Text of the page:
What is the circle of fifths?

To make changing chords easy, ChordBank arranges chords in what is called the “Circle of Fifths”.

Basically, this means that, as you move clockwise, each key is a perfect fifth away from the one immediately following it.

What’s a perfect fifth?

And why does it matter? Good question!

If you look at the keys on a piano keyboard, for example:


Start at the letter C and count up five keys. These are the first five steps of the major scale. C, D, E, F, and, finally, G:

The fifth note in C’s major scale is G.

This relationship of fifths turns out to be very important in music. Chords that are a fifth apart work tend to work really well together.

And it works both ways, too. Let’s keep going, counting up another five steps from G:

And we land on D. The notes G, C, and D work extremely well together. Like, thousands and thousands of songs have been written with just those three chords.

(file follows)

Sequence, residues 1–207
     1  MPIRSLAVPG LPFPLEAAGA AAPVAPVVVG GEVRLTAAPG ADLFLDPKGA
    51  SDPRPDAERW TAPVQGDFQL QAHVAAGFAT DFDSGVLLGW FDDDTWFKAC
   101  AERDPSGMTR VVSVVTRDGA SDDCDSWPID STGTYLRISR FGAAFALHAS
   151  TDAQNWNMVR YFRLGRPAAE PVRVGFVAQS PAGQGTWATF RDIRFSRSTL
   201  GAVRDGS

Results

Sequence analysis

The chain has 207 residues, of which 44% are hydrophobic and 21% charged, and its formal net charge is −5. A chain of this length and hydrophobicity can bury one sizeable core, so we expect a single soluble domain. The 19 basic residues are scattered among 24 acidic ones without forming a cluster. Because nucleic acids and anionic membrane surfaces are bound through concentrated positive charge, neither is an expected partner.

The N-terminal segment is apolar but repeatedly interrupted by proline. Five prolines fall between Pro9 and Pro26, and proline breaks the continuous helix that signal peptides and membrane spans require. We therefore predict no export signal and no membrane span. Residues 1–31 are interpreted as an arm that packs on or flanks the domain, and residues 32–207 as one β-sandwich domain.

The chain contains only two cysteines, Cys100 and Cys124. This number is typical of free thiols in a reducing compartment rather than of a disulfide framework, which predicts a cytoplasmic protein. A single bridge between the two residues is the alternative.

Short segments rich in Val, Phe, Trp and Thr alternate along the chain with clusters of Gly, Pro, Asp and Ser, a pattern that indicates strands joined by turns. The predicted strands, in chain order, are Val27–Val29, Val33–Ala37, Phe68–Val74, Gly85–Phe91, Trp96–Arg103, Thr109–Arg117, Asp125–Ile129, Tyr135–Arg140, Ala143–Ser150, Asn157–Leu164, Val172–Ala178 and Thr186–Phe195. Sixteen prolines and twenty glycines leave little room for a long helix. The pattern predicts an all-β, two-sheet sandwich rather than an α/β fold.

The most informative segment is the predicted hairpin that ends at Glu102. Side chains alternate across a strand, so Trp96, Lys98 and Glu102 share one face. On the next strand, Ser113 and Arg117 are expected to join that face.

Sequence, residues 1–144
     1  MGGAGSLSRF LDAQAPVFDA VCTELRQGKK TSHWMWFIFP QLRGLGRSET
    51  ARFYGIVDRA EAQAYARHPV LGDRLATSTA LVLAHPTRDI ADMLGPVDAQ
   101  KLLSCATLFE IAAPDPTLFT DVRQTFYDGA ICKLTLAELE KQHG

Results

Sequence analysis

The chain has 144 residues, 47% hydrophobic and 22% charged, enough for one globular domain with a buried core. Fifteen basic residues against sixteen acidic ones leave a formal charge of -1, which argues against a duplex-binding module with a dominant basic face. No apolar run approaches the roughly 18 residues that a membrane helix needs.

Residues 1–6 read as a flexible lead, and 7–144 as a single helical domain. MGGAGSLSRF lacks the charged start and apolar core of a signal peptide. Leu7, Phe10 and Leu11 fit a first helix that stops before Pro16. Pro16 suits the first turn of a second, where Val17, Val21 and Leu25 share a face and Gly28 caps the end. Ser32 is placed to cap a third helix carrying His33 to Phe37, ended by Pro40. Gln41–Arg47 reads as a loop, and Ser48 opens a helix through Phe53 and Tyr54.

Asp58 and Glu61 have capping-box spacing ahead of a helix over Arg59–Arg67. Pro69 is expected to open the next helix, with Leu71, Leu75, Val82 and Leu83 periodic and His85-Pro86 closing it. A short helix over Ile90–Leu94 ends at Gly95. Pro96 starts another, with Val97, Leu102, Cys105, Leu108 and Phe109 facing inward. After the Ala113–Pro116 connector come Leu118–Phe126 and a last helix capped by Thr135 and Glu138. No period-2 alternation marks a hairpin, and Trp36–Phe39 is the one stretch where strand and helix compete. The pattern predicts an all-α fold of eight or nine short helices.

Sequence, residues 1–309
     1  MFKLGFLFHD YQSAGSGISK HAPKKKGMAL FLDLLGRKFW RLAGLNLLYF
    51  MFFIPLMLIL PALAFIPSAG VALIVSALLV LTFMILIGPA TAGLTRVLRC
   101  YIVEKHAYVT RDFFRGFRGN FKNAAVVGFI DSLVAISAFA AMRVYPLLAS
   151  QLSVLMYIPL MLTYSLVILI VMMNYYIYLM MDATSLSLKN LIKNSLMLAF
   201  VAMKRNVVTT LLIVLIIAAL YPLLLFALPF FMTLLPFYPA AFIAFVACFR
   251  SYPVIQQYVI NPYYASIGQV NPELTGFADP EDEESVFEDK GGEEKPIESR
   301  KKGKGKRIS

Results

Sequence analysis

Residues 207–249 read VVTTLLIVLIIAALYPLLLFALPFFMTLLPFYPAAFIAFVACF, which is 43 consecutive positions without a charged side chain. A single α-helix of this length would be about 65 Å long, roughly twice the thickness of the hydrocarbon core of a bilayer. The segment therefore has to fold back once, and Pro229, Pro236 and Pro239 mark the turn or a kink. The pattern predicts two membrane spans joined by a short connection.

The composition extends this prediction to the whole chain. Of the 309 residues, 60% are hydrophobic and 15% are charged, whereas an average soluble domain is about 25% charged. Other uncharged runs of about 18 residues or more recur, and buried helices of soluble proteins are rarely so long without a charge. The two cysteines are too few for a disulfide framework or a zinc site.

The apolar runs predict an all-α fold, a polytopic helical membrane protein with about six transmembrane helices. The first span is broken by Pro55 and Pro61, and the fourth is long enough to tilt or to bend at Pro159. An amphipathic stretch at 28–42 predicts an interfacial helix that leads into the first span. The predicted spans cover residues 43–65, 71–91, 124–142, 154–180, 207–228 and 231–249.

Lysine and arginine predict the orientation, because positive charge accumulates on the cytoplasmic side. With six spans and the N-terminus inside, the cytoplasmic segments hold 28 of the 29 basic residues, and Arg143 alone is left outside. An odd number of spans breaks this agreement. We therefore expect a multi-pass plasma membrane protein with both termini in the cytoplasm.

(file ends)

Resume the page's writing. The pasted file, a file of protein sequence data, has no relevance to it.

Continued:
And that same relationship doesn’t just work with G, C, and D. It also works with any three chords, each a fifth apart.

Pick any three:

G, C, and D. C, F and G. D, G, and A.

The backbone of just about any song you’re learning is right there on the circle.

So that’s why we put those notes in a circle—so they fit right into the songs you’re trying to play, or the chords you’re trying to practice.

Look to your left. Look to your right. You’ll find something that sounds and plays great.